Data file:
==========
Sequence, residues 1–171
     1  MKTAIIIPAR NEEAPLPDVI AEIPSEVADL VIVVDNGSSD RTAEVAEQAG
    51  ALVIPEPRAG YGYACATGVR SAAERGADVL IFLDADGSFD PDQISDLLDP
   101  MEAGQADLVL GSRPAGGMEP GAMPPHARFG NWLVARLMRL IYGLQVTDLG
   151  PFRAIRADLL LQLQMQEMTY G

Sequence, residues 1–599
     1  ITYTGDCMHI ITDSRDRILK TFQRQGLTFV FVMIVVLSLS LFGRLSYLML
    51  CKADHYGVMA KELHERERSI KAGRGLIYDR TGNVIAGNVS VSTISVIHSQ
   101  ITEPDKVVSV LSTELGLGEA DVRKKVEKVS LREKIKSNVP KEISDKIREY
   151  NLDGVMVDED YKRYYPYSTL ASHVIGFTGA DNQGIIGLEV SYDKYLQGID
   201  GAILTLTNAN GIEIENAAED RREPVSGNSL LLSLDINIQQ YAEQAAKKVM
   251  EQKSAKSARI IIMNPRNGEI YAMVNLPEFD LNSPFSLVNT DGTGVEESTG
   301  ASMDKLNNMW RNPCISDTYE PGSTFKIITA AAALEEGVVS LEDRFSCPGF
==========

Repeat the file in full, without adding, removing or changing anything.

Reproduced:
Sequence, residues 1–171
     1  MKTAIIIPAR NEEAPLPDVI AEIPSEVADL VIVVDNGSSD RTAEVAEQAG
    51  ALVIPEPRAG YGYACATGVR SAAERGADVL IFLDADGSFD PDQISDLLDP
   101  MEAGQADLVL GSRPAGGMEP GAMPPHARFG NWLVARLMRL IYGLQVTDLG
   151  PFRAIRADLL LQLQMQEMTY G

Sequence, residues 1–599
     1  ITYTGDCMHI ITDSRDRILK TFQRQGLTFV FVMIVVLSLS LFGRLSYLML
    51  CKADHYGVMA KELHERERSI KAGRGLIYDR TGNVIAGNVS VSTISVIHSQ
   101  ITEPDKVVSV LSTELGLGEA DVRKKVEKVS LREKIKSNVP KEISDKIREY
   151  NLDGVMVDED YKRYYPYSTL ASHVIGFTGA DNQGIIGLEV SYDKYLQGID
   201  GAILTLTNAN GIEIENAAED RREPVSGNSL LLSLDINIQQ YAEQAAKKVM
   251  EQKSAKSARI IIMNPRNGEI YAMVNLPEFD LNSPFSLVNT DGTGVEESTG
   301  ASMDKLNNMW RNPCISDTYE PGSTFKIITA AAALEEGVVS LEDRFSCPGF